I’ve made another contribution to Moving2Canada.com. This time about the Jasper Skytram, opening soon!
I started February this year in Quebec. The night before Justin had valiantly piloted his dad’s car up the Mont Tremblant in driving rain, which sort of turned to snow as we arrived late that night. Tremblant is pretty much eastern Canada’s premier snow resort. The mountain is the highest rounded survivor of the of those left when the last ice age scoured the land in its retreat north over the Canadian shelf. Its only 875m high, but the snow is assured even in the warmest of winters! Conditions for us were somewhat hard, but we still got many decent runs on both days, and it was great to break out my faster powder board and really get some speed on down a few of the runs. We did manage to break into the glades on both days, and they turned out to be surprisingly not the worst I’d ever been through, despite my initial fears about them being mega icy! Here’s the highlights of the trip:
On the drive back we took a little diversion to pass the Canadian parliament building. Seeing as I’m here for 3 years I figured I should make an obligatory visit. The weather was pretty gross so we didn’t stop, but I snapped a picture from the car. I’ll probably come back again someday and have a proper look around.
Thanks to El Nino February wasn’t quite the snow and ice bonanza that I’d been hoping for. Over the month temperatures varied wildly from week to week. When me and Justin returned from Tremblant it was a balmy 16°, yet a week later temperatures had plunged to -23°! This was the coldest temperature I’d experienced so far on my trip (and in life), and it was pretty crazy walking to work in almost full snowboarding gear. It was Valentine’s Day that weekend, and Family Day, but amazingly despite it being so cold people were still turning up to the tower in droves and the restaurant was sold out! Me and Nyssa went down to the harbor front to see if we could break through the ice in the harbor, and despite throwing several brick sized rocks at it couldn’t get through! It was the first time I’d seen the harbor completely frozen over, which was pretty impressive.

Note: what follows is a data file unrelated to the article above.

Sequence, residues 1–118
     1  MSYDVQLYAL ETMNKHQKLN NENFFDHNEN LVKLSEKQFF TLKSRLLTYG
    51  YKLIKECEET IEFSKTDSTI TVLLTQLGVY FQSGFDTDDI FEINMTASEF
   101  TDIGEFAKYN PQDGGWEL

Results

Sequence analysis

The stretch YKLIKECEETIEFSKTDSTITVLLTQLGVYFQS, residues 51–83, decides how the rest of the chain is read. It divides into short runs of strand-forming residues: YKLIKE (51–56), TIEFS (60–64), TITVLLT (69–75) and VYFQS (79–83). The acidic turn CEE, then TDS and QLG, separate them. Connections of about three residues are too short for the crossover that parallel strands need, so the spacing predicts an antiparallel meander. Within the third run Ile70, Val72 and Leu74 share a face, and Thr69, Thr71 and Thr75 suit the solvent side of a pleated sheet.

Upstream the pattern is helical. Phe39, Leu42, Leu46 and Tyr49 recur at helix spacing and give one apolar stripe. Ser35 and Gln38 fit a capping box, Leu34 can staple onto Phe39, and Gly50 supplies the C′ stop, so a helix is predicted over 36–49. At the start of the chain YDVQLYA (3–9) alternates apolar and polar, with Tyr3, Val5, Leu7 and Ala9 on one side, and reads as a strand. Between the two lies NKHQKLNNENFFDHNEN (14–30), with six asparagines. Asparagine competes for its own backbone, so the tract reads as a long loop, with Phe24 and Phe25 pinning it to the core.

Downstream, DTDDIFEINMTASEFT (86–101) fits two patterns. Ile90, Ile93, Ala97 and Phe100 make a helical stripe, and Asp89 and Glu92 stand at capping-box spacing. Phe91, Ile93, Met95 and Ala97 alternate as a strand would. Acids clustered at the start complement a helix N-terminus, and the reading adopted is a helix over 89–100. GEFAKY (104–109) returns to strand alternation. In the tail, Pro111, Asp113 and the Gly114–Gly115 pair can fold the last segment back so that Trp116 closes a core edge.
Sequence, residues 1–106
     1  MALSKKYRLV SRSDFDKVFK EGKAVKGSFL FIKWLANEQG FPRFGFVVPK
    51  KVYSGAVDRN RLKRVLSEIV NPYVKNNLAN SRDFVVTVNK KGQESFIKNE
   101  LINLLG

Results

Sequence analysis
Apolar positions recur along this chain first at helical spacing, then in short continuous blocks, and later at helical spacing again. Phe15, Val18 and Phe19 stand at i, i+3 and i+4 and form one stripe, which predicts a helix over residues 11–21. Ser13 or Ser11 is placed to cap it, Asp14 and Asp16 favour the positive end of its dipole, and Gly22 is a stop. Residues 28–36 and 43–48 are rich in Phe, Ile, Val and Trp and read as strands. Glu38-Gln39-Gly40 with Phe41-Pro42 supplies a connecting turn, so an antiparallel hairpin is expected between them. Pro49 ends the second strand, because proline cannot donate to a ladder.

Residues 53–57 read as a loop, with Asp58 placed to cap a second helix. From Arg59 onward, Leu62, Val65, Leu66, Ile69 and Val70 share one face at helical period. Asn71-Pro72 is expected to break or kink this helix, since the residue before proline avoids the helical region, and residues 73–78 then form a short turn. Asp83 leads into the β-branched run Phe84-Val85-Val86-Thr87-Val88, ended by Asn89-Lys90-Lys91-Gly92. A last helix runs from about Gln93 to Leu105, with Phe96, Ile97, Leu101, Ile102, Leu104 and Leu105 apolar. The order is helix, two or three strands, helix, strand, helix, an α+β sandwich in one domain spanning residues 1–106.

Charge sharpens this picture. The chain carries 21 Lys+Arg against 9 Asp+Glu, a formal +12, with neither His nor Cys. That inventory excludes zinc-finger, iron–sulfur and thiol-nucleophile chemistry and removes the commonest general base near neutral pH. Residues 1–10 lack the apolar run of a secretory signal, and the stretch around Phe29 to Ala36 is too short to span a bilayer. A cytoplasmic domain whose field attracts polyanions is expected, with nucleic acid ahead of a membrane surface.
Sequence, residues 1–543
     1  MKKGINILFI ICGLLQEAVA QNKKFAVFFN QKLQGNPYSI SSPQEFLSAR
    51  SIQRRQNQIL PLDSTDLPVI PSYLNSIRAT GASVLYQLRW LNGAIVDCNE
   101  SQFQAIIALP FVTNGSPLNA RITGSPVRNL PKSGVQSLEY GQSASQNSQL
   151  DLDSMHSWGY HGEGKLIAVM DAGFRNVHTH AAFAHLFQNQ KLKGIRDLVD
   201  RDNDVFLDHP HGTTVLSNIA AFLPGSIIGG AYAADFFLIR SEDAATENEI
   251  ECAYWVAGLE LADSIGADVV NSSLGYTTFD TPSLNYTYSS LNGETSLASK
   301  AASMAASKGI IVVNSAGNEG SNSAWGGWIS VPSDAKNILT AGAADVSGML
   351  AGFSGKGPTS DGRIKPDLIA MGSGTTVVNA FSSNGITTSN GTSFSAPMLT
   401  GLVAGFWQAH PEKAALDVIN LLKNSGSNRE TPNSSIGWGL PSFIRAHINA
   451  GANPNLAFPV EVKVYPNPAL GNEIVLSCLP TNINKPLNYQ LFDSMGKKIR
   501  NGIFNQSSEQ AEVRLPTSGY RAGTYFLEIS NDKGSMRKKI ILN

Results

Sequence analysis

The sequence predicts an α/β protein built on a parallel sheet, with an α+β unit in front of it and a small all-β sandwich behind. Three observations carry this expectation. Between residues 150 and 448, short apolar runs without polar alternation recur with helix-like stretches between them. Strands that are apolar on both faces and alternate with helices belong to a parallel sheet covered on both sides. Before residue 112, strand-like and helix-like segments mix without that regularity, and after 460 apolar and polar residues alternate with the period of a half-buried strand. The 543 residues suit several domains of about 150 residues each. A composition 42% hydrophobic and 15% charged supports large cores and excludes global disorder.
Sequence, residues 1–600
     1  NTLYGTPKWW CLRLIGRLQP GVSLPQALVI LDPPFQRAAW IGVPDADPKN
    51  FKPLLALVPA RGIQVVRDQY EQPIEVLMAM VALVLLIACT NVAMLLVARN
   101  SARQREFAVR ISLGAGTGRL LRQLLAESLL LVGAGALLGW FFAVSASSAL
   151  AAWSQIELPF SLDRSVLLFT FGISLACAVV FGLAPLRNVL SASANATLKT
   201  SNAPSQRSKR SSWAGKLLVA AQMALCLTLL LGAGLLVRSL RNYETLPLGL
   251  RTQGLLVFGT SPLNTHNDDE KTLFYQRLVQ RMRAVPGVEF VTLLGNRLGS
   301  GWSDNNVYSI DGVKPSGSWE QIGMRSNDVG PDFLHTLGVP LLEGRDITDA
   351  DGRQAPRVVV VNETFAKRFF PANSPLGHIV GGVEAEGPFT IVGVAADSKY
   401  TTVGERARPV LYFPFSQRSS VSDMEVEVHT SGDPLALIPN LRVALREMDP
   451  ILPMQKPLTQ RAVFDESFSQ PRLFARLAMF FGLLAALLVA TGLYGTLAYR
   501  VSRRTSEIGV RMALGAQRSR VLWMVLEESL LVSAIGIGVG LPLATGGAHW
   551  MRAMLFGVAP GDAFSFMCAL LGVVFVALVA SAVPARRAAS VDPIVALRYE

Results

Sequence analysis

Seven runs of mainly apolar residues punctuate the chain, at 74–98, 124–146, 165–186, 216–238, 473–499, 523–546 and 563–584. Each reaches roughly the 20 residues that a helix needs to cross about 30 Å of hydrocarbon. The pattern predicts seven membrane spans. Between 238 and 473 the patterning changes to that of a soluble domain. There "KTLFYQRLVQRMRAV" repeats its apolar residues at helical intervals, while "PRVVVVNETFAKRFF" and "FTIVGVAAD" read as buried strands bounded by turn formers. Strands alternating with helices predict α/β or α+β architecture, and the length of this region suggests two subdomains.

Despite the ups in temperature I did manage to spend some more time on my snowboard, this time with the kid’s charity Chill Foundation. Chill gives kids from less affluent areas an opportunity to learn to snowboard after school up at Mount St Louis. Chill provides all the transport and kit they need, and instructors to teach them in their first steps. The foundation relies on volunteers to help the kids as they go around, so me and Margo went up to help them out for a couple weeks. It was a really rewarding couple of evenings for me, the kids had a really good time, and it was really satisfying to try a bit of coaching and see them make some progress over the night. The snow was also the best I’d been on all winter….